Browns quarterback Johnny Manziel's off-the-field antics have not worn thin on his teammates.
BEREA, Ohio -- While there have been many critics of Johnny Manziel's off-the-field pursuits, at least publicly, his teammates have not been among them.
According to his teammates, several of whom have been in many NFL locker rooms over the course of their careers, are not worried about what the first-round pick does when he is away from the facility, so long as it does not affect his play between the white lines or his focus in the classroom.
"It's summertime," Browns wide receiver Nate Burleson said. "Everybody else gets to enjoy summertime. I don't know if it's because we signed up as NFL players. We've only got a small window to really enjoy ourselves. I wouldn't necessarily use the word forgiving because that would kind of imply that he's doing something wrong.
"I just think he's a guy that's going out and enjoying his free time. If he came out here stumbling around, smelling like booze, we could have this conversation. That would be a legitimate conversation to have. He's coming out here focused, very alert, tight, locked in on what he's doing. Until that changes, I think everybody should just let the young guy do what young guys do and that's enjoy life."
After a much-publicized trip to Las Vegas over the Memorial Day weekend that saw Manziel partying poolside with New England Patriots tight end Rob Gronkowski, sitting cageside at a UFC pay-per-view fight and spraying champagne from a stage onto a crowd of people at a nightclub, he returned to his home state of Texas.
While in Texas last weekend, Manziel took in an NBA Finals game between the San Antonio Spurs and Miami Heat and was photographed riding an inflatable swan in a swimming pool while sipping a bottle of champagne.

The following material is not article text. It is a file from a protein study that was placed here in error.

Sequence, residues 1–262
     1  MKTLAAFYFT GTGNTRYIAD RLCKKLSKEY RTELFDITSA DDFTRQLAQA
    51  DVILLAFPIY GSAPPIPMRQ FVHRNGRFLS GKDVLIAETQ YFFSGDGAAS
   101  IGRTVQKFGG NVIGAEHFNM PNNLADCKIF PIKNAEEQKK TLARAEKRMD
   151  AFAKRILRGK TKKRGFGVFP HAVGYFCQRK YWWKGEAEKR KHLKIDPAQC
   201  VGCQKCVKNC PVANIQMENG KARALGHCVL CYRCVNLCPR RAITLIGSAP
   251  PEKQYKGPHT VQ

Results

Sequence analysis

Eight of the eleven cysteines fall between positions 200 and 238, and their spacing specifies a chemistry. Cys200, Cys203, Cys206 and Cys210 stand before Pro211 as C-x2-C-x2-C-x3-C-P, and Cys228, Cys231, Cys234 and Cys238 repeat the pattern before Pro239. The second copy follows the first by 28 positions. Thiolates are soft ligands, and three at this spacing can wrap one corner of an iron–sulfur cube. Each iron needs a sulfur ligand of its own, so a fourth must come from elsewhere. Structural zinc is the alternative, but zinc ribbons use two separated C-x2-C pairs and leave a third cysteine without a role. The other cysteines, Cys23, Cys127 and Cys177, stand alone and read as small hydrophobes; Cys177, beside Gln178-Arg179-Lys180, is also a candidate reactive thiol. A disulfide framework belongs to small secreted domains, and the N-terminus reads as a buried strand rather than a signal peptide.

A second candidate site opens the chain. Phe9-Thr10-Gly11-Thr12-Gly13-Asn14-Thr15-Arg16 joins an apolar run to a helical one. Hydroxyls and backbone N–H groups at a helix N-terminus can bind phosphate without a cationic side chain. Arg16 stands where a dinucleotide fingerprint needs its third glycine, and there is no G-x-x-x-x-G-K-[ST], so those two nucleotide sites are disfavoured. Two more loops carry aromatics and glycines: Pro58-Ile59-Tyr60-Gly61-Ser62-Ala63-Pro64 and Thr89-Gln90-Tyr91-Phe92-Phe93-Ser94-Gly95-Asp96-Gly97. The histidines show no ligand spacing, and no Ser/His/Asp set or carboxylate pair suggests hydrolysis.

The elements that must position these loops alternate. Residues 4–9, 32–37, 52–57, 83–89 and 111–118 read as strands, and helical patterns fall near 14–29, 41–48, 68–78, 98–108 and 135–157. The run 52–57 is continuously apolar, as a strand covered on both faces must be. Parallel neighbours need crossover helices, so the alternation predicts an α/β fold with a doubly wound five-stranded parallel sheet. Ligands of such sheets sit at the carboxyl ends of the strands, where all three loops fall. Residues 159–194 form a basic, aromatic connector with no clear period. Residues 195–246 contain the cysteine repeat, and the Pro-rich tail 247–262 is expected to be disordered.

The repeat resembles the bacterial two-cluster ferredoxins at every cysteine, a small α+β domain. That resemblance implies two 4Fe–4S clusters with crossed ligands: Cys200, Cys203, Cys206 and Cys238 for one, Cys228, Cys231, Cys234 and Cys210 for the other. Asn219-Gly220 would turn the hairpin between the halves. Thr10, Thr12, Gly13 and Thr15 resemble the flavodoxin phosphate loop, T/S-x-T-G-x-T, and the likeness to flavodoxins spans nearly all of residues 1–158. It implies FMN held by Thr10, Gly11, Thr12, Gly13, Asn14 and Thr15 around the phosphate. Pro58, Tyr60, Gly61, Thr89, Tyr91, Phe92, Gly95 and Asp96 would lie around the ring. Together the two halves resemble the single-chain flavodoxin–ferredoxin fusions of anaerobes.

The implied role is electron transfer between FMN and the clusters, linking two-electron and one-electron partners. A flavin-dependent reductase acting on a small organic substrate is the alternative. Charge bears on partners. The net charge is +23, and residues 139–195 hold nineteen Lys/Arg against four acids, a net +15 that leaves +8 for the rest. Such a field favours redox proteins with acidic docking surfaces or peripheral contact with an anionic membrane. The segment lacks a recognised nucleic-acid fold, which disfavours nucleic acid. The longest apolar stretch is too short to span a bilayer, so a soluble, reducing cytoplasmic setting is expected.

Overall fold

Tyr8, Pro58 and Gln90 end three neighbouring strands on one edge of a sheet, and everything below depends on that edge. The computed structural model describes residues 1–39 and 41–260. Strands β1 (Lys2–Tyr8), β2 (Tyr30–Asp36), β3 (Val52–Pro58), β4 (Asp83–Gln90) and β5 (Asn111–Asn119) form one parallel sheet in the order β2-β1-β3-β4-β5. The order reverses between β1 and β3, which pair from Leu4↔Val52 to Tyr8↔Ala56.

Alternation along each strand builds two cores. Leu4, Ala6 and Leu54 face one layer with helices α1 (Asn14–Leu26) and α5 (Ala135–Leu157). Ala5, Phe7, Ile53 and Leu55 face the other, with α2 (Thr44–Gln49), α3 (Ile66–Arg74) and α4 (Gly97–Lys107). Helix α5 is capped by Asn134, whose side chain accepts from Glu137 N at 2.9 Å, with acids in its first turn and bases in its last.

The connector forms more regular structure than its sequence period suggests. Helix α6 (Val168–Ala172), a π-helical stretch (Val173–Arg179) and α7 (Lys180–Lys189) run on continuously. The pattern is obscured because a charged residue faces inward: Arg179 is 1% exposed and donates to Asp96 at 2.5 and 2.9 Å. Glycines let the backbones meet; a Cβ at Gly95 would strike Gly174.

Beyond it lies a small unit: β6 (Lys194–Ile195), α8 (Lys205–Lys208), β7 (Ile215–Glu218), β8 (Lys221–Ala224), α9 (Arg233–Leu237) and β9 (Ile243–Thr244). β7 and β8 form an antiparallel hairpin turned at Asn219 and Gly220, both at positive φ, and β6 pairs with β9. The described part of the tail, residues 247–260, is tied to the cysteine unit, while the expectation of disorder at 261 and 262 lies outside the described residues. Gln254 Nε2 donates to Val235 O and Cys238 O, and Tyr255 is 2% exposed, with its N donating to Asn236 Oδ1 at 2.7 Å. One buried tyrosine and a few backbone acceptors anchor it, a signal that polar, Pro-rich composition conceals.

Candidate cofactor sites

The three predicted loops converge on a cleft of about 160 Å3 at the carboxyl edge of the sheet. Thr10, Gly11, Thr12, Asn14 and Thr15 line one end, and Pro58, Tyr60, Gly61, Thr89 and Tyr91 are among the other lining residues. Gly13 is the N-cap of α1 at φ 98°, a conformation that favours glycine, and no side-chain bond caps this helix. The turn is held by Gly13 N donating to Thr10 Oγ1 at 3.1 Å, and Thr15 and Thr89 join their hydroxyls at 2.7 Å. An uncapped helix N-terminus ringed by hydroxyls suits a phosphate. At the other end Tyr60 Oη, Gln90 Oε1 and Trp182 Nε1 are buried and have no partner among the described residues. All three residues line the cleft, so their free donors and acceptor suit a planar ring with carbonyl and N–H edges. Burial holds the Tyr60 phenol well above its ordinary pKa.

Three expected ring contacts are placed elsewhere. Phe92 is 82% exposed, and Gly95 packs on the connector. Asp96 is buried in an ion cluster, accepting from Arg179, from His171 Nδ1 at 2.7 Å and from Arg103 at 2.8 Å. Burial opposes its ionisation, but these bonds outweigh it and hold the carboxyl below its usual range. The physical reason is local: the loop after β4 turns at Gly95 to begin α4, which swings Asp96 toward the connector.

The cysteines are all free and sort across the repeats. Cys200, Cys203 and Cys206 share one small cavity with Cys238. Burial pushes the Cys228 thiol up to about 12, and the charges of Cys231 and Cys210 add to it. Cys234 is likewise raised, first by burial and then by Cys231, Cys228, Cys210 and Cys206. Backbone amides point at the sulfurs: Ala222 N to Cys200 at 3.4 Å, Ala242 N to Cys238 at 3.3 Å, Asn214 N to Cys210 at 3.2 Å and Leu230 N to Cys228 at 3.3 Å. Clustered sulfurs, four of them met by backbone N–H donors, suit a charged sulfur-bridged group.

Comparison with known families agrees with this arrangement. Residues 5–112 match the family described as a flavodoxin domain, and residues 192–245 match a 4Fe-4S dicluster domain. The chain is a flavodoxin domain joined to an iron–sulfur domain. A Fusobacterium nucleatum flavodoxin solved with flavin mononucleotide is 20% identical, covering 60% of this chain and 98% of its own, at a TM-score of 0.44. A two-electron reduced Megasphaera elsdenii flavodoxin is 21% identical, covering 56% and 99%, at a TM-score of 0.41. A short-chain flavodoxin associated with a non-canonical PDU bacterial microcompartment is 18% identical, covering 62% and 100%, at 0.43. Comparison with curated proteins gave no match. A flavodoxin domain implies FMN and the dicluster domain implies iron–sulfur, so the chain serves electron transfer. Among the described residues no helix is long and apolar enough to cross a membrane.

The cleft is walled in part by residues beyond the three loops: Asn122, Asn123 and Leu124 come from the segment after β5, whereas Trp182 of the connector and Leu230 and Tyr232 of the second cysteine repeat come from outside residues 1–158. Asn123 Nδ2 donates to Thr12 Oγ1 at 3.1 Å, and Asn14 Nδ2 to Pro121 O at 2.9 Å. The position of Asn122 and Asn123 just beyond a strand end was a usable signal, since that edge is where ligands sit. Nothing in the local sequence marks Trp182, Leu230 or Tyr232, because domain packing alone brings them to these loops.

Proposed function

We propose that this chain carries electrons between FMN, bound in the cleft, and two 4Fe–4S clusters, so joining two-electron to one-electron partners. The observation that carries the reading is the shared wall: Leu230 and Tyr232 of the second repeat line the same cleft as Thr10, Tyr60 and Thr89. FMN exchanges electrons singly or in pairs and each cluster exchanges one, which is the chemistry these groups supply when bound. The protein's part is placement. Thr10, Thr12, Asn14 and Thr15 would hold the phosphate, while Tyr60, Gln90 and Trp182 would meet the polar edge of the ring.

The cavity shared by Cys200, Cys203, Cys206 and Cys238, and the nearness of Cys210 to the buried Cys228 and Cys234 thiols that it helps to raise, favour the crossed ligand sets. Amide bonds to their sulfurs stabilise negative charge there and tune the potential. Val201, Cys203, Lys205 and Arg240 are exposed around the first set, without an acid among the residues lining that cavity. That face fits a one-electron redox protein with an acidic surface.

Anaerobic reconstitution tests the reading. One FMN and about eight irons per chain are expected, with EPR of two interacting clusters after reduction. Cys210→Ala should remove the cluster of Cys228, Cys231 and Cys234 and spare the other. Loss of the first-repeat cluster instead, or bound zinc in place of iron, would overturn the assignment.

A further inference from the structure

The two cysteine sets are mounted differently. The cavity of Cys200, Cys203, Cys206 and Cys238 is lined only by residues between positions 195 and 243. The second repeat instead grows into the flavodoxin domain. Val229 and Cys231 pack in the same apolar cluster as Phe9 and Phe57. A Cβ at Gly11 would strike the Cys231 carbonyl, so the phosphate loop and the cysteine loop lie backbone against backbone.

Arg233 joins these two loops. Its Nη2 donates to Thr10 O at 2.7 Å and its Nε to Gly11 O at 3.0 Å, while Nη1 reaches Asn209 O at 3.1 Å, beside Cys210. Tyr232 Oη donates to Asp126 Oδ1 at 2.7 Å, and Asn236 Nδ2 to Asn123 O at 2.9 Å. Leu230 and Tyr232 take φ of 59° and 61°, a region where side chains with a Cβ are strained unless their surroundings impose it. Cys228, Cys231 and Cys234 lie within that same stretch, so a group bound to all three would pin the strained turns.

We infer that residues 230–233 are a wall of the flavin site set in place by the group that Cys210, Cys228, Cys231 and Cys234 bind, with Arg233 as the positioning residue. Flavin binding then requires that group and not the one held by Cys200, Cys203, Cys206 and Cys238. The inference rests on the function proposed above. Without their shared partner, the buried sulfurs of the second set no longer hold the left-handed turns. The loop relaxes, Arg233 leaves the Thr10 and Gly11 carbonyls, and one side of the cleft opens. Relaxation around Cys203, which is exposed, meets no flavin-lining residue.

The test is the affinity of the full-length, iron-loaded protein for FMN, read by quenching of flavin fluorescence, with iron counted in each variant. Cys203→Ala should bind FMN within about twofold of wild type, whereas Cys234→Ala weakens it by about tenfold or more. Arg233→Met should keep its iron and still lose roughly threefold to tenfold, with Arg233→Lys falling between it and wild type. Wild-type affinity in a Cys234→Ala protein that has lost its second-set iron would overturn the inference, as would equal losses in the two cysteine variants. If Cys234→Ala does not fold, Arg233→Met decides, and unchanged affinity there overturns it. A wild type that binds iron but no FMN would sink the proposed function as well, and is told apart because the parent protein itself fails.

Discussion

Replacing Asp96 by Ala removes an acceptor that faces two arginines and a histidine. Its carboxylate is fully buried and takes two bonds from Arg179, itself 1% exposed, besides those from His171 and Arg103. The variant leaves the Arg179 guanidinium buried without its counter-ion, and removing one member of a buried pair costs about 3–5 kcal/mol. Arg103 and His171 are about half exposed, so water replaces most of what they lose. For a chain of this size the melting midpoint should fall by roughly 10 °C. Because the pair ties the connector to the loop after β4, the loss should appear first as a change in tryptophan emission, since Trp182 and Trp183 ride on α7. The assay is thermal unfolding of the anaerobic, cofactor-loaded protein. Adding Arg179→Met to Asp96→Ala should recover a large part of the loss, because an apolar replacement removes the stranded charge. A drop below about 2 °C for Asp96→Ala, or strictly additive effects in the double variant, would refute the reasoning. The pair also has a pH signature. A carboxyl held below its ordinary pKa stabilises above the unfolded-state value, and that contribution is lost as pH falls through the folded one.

"He can't do anything. Whether it's on the field making a play, good or bad, enjoying himself in his free time, he's one of those guys. He's this year's (Tim) Tebow," Burleson said. "You can't turn on the radio or the TV without hearing something about Johnny. All I know is when he shows up for work, he wants to play football, and that's what I'm concerned about."
Cornerback Joe Haden added, "Johnny's a grown man. He's doing his thing. I feel like when he's out here, when he's on the field, he's in these walls being a rookie and doing the best that he can do. He's been a great teammate."
In addition to the partying, Manziel was selected in the 28th round of the Major League Baseball Draft by the San Diego Padres, for whom he threw out a ceremonial first pitch last May. However, Browns coach Mike Pettine does not see Manziel, a former high-school baseball player, trading in his shoulder pads for a bat and glove anytime soon.
"I know the kid is die-hard football," Pettine said. "To me, if he had been a standout college baseball player and was doing both, (fine). I'll answer for him. He's football, through and through."
Regardless of the hype Manziel receives in the media, his new teammates, some of whom competed against him in college, are okay with it so long as he helps the Browns win games in the fall.
"His body of work in college warrants that (attention)," outside linebacker Barkevious Mingo said. "He did a great job in college. He won the Heisman Trophy. He put up ridiculous stats while in college. That production is what we want here. We can't wait for him to get out and show it on Sundays."